In one embodiment of the invention, a first wheel is mounted on an end of a first lever, the first lever further having a free end positioned opposite the end where the first wheel is mounted, and a second wheel is mounted on an end of a second lever, the second lever having a free end positioned opposite the end where the second wheel is mounted, and wherein the free ends of the first and second levers engage to lock the wheels in an extended position. The first and second levers are each mounted on a fulcrum secured to the sole of the shoe.
In one embodiment of the invention, the wheel engaging the motor is supported by a carriage, which pivots from a retracted to an extended position in a plane oriented along the length of the shoe and perpendicular to the sole. One side of the carriage may be supported by and pivot relative to the motor housing, and the opposite side of the carriage supports the axle of the wheel. If an idler gear is included in the gear sequence of the means to transmit power, the idler may be supported by the carriage, also.
In one embodiment of the invention, the motor does not engage one of the wheels, and that wheel is supported by a fork, which pivots in a plane oriented along the length of the shoe and perpendicular to the sole.
The shoe is provided with means for latching the first and second wheels in a retracted or extended position. The latching means may be a pin which slides in and out to engage the mechanism for mounting the wheels, for example the carriage or the fork structures. The pins may be connected to a cable, which the user pulls to disengage the pins and thereby allowing the position of the wheels to be changed. Springs can be provided to urge the pins back into engagement with the wheel mounting mechanism, after the wheels are in the desired position and the cable is released.
The present invention includes a second shoe within its scope. The second shoe has at least one wheel that is movable from a retracted to an extended position and means to latch the wheel in a retracted or extended position. The second shoe may be provided with the one or more of the features or combination of features described above with regard to the first shoe. By way of example, the second shoe may have two retractable wheels mounted on two different axles, a motor engaging at least one of the wheels and/or means to latch the wheels in an extended or retracted position. It is important to note, however, that the second shoe may not include a motor, that is, the wheel or wheels of the second shoe may not be motorized. If a shoe does not have a motor mounted on it, then extra weight can be provided in, for example, the sole of the shoe, so that the shoe without the motor weighs approximately the same as the shoe with the motor, thereby making it easier to maintain balance while walking or skating.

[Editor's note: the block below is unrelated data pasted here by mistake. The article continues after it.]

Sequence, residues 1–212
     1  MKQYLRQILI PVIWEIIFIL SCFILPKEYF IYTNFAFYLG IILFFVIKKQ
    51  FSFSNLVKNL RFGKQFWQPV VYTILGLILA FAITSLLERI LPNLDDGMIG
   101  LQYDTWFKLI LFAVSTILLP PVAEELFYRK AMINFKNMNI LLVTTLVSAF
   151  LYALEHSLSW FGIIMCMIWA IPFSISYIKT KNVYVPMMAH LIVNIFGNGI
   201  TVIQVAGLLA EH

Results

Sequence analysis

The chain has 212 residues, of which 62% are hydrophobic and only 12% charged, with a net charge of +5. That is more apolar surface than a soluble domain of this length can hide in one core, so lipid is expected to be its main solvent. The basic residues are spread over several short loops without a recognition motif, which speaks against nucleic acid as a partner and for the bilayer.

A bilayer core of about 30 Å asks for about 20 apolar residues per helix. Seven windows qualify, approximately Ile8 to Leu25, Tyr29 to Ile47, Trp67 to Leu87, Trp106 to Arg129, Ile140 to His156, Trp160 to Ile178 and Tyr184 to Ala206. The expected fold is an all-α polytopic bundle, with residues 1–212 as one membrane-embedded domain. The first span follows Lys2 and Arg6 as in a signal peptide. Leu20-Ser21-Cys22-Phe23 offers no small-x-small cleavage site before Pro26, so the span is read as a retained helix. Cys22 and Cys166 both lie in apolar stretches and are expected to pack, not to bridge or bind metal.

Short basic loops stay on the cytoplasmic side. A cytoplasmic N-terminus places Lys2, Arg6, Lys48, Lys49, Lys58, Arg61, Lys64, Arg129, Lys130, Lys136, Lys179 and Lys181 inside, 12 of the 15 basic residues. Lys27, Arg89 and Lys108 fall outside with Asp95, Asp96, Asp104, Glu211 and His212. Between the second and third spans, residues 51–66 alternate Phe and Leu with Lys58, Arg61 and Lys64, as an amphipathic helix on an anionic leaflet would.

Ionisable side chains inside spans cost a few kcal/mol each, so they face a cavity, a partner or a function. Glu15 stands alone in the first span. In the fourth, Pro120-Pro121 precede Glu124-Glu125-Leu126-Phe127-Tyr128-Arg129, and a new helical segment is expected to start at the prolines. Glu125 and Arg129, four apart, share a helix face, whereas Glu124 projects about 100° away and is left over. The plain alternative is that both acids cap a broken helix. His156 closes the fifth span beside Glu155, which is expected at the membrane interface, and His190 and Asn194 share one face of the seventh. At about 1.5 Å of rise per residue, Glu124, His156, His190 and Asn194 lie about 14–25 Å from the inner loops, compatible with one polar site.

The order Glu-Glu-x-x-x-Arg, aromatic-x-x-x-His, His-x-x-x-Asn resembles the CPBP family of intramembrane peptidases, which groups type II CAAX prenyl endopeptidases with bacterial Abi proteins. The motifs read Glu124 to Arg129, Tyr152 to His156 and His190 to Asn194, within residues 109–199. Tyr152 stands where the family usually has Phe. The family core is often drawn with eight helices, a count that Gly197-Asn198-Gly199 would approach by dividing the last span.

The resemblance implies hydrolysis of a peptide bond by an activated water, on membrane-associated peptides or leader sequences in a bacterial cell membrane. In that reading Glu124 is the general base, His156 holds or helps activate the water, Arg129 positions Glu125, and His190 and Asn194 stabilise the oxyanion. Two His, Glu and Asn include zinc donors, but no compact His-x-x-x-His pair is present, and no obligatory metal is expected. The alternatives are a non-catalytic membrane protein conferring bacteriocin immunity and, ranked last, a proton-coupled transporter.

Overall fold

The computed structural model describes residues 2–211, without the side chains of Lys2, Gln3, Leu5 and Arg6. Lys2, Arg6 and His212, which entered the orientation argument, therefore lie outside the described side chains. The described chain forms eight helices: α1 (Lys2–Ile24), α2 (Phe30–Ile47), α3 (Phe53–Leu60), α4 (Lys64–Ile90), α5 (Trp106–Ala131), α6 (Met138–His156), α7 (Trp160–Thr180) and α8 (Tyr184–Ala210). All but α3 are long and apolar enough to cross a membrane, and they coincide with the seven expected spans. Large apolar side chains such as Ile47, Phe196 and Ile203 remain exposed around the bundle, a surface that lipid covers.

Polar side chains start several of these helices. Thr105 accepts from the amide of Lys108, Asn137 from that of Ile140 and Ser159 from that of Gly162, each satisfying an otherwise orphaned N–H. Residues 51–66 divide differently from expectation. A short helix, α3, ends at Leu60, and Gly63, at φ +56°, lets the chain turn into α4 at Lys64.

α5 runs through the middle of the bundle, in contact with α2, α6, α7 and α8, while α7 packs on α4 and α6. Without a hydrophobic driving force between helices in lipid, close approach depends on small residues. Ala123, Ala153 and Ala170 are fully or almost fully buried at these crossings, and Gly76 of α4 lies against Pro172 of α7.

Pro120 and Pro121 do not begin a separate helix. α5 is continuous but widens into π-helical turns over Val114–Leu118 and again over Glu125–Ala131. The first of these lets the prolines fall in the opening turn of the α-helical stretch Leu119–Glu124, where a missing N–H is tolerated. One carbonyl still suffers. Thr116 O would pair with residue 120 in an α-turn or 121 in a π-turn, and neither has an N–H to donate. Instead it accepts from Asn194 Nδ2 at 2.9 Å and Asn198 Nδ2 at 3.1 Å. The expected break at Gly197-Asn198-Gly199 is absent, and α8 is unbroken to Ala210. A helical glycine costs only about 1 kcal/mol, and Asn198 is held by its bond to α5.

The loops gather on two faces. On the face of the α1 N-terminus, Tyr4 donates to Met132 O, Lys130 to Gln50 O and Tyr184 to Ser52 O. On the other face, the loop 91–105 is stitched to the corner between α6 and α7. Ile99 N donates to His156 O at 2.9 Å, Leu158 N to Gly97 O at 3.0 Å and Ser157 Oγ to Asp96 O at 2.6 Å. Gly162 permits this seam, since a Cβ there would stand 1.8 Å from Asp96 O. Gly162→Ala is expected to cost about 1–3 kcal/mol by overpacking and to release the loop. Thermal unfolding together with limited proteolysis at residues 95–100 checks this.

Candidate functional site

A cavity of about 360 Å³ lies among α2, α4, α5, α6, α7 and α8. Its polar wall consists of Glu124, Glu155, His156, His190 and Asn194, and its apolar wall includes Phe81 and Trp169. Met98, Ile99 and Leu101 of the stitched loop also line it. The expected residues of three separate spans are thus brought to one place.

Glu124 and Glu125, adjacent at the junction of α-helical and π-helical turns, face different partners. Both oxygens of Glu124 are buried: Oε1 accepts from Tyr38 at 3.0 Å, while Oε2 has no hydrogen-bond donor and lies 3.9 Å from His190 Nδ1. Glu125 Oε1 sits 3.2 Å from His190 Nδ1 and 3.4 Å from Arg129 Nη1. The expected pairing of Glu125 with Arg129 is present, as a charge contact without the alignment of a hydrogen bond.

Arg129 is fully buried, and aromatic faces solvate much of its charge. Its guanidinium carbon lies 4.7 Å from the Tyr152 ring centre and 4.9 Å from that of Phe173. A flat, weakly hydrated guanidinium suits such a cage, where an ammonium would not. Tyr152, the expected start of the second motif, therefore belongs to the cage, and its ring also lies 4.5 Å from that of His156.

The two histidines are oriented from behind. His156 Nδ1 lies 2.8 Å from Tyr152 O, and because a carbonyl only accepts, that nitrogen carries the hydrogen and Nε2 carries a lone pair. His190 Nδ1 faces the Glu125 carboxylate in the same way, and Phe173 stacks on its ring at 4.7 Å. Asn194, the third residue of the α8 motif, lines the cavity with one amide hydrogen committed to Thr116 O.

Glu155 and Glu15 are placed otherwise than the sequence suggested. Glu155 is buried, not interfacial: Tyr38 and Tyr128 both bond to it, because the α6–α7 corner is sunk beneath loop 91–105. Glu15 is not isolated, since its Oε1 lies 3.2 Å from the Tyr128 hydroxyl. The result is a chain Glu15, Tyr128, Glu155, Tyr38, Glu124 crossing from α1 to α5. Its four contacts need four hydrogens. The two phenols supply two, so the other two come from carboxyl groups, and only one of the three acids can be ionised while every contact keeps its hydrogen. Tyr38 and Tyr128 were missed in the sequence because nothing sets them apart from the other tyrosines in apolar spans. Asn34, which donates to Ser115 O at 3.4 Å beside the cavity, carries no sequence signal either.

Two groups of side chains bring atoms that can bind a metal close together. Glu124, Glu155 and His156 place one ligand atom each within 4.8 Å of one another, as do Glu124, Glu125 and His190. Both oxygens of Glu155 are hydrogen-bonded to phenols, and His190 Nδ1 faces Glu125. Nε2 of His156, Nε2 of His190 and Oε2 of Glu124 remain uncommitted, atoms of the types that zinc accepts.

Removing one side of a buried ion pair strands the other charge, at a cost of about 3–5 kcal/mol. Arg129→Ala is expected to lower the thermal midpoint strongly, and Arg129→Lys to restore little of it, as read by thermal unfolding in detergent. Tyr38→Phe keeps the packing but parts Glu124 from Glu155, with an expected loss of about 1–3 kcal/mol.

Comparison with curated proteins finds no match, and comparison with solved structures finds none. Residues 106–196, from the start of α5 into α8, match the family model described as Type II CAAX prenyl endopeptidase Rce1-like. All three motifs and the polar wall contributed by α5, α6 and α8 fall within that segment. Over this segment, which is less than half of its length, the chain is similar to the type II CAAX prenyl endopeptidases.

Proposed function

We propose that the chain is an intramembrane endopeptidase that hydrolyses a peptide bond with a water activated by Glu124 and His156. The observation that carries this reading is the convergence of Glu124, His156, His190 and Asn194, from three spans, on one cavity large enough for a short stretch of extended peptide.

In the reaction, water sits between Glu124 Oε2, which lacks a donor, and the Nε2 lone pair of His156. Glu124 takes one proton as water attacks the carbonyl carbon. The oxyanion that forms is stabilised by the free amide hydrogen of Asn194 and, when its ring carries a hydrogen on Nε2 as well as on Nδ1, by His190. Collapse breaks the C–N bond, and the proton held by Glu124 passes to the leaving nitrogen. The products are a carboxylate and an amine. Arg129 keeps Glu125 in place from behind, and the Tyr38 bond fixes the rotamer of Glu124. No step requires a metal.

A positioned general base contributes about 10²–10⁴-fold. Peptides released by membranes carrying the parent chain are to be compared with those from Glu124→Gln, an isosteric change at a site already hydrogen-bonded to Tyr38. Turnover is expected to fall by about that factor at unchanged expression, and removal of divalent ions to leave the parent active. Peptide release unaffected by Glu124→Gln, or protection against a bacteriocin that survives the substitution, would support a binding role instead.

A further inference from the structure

The motor is powered by one or more DC batteries. For example, multiple batteries may be provided in a “pack” and connected together in series, in parallel or in a combination of series and parallel connections. The battery pack is preferably rechargeable, and is comprised of one or more rechargeable batteries.
The invention is provided with a means to regulate operation of the motor. In a basic design, a simple “on/off switch” may be provided between the battery and the motor, in a location that is accessible to the user. It will generally be desirable to provide a means to control the operation of the motor, and thus the speed at which the drive wheel turns. The motor controller may be an analog or digital controller. By way of example, the motor controller may be a variable resistor, such as a potentiometer or rheostat, or an electronic speed controller, such as a microcontroller.
Without limiting the scope of the invention, a detailed description of the invention and the drawings is hereinafter set forth. All of the United States patents cited in the Specification are hereby incorporated by reference.
Rear wheel 4 is mounted on axle 5, which is in turn supported by carriage 6, as shown in
The front wheel 13 is mounted on front axle 14, which is supported by fork 15. Front wheel 13 is not powered, in the embodiment shown. Fork 15 pivots on shaft 16. Front wheel 13 is shown in the retracted position in
Sole 2 of shoe 1 has rear recess 17 and front recess 18, to allow rear wheel 4 and front wheel 13 to pivot to a retracted position, respectively. When the wheels are in a retracted position, they do not extend below the lower surface of sole 2.
The drive mechanism of the shoe includes the motor, gear train (or other means to transfer power to the wheel) and the rear wheel. The rear wheel is preferably allowed free overrun. In the embodiment shown in
Carriage 6 has notches 26 on its upper side and notches 27 on its lower side. The notches engage pins (shown in